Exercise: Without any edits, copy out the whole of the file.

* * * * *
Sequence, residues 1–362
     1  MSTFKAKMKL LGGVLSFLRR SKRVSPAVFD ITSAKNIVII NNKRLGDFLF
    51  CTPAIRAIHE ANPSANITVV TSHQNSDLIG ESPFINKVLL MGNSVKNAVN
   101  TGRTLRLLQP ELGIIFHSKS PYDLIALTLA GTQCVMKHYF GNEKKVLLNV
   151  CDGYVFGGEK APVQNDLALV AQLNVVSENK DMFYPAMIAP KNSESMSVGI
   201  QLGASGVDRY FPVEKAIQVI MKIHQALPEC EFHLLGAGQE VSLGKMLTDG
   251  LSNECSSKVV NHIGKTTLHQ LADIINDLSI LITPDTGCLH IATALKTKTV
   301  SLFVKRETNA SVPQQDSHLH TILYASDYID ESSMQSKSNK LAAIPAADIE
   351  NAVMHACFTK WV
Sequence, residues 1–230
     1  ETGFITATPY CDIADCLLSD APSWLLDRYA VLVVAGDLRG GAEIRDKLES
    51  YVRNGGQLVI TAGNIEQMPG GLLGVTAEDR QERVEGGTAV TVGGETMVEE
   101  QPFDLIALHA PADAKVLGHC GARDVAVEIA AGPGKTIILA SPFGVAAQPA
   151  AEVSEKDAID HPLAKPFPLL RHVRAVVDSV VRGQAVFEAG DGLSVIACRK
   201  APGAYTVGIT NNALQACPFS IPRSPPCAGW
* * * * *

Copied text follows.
Sequence, residues 1–362
     1  MSTFKAKMKL LGGVLSFLRR SKRVSPAVFD ITSAKNIVII NNKRLGDFLF
    51  CTPAIRAIHE ANPSANITVV TSHQNSDLIG ESPFINKVLL MGNSVKNAVN
   101  TGRTLRLLQP ELGIIFHSKS PYDLIALTLA GTQCVMKHYF GNEKKVLLNV
   151  CDGYVFGGEK APVQNDLALV AQLNVVSENK DMFYPAMIAP KNSESMSVGI
   201  QLGASGVDRY FPVEKAIQVI MKIHQALPEC EFHLLGAGQE VSLGKMLTDG
   251  LSNECSSKVV NHIGKTTLHQ LADIINDLSI LITPDTGCLH IATALKTKTV
   301  SLFVKRETNA SVPQQDSHLH TILYASDYID ESSMQSKSNK LAAIPAADIE
   351  NAVMHACFTK WV
Sequence, residues 1–230
     1  ETGFITATPY CDIADCLLSD APSWLLDRYA VLVVAGDLRG GAEIRDKLES
    51  YVRNGGQLVI TAGNIEQMPG GLLGVTAEDR QERVEGGTAV TVGGETMVEE
   101  QPFDLIALHA PADAKVLGHC GARDVAVEIA AGPGKTIILA SPFGVAAQPA
   151  AEVSEKDAID HPLAKPFPLL RHVRAVVDSV VRGQAVFEAG DGLSVIACRK
   201  APGAYTVGIT NNALQACPFS IPRSPPCAGW